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# If tan theta = 2/3 then sin theta= ? Watch

1. A) +- 0.55

C) 0.55

Why is the answer A, I am sure the solution is simple, and can you please not use CAST as an explanation.

Thank you.
2. (Original post by fnatic NateDestiel)
A) +- 0.55

C) 0.55

Why is the answer A, I am sure the solution is simple, and can you please not use CAST as an explanation.

Thank you.
How am I to explain it if I do not use the range in which tan is positive?

So - tan is positive between 0 and 90 - in this range sin is also positive

Also - tan is positive between 180 and 270 - in this range sin is negative

Given this - sin could be either positive or negative
3. Posted from TSR Mobile

Use the identity cot^2 + 1 = cosec^2

to find sin you will up having to take a square root that leads to +-
4. (Original post by fnatic NateDestiel)
A) +- 0.55

C) 0.55

Why is the answer A, I am sure the solution is simple, and can you please not use CAST as an explanation.

Thank you.
Draw a right angled triangle, note that tan theta= opposite/adjacent. Use pythag to find the hypotenuse
5. (Original post by TenOfThem)
How am I to explain it if I do not use the range in which tan is positive?

So - tan is positive between 0 and 90 - in this range sin is also positive

Also - tan is positive between 180 and 270 - in this range sin is negative

Given this - sin could be either positive or negative
I understand your first point and it is easily solvable on the calculator.

And I understand your second point, but I don't get how it is related to the question.

Because I only get -0.55 when tan theta is - 2/3.
6. That'll be useful in later life...
7. (Original post by BankOfPigs)
Posted from TSR Mobile

Use the identity cot^2 + 1 = cosec^2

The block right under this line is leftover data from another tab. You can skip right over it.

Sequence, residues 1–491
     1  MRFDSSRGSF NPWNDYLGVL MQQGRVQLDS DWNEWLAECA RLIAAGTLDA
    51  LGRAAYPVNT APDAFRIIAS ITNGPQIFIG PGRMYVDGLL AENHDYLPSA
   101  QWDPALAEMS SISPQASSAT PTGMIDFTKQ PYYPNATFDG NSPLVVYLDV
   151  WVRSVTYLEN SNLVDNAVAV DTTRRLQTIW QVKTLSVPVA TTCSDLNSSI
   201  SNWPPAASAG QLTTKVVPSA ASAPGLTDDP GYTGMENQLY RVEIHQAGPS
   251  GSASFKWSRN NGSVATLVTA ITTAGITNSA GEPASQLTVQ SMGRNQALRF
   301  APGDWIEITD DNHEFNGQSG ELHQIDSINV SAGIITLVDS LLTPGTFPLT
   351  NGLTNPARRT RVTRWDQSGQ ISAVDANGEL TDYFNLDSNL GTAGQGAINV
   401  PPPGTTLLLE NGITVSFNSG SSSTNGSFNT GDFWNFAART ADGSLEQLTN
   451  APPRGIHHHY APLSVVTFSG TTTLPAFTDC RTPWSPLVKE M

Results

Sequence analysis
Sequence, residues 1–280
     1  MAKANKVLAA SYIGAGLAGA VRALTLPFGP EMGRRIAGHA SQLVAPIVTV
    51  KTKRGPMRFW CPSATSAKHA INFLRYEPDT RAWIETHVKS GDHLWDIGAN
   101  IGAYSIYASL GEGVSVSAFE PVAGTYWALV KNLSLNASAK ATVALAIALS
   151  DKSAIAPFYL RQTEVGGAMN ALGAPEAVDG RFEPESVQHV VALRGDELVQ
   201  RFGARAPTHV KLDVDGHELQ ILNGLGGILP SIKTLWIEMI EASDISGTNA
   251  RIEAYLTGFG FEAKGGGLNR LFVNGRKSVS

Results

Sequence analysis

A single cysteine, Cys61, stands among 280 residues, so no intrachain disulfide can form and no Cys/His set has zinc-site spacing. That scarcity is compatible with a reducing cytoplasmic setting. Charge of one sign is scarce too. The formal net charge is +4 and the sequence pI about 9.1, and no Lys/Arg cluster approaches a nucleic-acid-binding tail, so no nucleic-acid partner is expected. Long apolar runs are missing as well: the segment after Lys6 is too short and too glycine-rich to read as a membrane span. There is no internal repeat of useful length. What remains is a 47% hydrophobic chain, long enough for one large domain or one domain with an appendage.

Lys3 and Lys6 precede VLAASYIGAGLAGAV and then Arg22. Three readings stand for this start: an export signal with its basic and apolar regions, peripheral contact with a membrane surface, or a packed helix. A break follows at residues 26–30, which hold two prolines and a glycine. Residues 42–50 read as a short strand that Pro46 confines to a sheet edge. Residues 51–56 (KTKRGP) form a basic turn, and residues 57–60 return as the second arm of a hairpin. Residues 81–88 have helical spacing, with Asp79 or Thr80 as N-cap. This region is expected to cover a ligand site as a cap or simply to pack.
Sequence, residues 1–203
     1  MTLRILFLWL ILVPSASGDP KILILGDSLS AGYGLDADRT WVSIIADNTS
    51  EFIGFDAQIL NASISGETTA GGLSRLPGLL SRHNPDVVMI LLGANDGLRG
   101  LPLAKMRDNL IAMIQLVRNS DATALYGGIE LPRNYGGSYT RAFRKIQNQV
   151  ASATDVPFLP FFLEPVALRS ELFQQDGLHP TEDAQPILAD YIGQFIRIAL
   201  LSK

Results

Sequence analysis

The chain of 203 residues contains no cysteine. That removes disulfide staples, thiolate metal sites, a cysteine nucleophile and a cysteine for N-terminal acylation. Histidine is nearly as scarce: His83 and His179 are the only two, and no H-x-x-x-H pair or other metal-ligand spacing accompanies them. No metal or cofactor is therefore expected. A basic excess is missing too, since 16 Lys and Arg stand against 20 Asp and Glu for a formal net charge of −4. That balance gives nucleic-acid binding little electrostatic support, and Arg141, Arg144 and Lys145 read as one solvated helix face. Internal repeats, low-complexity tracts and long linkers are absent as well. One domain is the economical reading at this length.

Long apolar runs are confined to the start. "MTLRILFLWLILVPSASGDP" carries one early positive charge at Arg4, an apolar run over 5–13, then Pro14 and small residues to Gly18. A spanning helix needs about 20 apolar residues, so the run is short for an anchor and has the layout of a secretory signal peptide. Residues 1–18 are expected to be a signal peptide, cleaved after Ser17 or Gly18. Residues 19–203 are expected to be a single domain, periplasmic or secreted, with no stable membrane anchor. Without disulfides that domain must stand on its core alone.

to find sin you will up having to take a square root that leads to +-
I have tried this method, but only get the identities proving other identities or cancelling eachother out

(Original post by Gome44)
Draw a right angled triangle, note that tan theta= opposite/adjacent. Use pythag to find the hypotenuse
I did this initially, but I only get the positive answer..
8. (Original post by fnatic NateDestiel)
I have tried this method, but only get the identities proving other identities or cancelling eachother out

I'm not really too sure what you mean.

Cot^2 x + 1 = cosec^2 x

since tan = 2/3 cot = 3/2

so (3/2)^2+1 = 1/sin^2
13/4 = 1/ sin^2
4/13 = sin^2 x

Now this leads to 2 roots. If you aren't sure what I mean, do the substituion y = sin x

so 4/13 = y^2
This has 2 roots, one negative, one positive.
9. (Original post by BankOfPigs)
I'm not really too sure what you mean.

Cot^2 x + 1 = cosec^2 x

since tan = 2/3 cot = 3/2

so (3/2)^2+1 = 1/sin^2
13/4 = 1/ sin^2
4/13 = sin^2 x

Now this leads to 2 roots. If you aren't sure what I mean, do the substituion y = sin x

so 4/13 = y^2
This has 2 roots, one negative, one positive.
Oh I see thank you, this makes sense, one other guy on CC posted this; "You need to consider all the angles for which tan theta = 2/3. The first one is 33.69 degrees, but there are infinitely many, so find the next one and consider that." which also works.

Thanks though!

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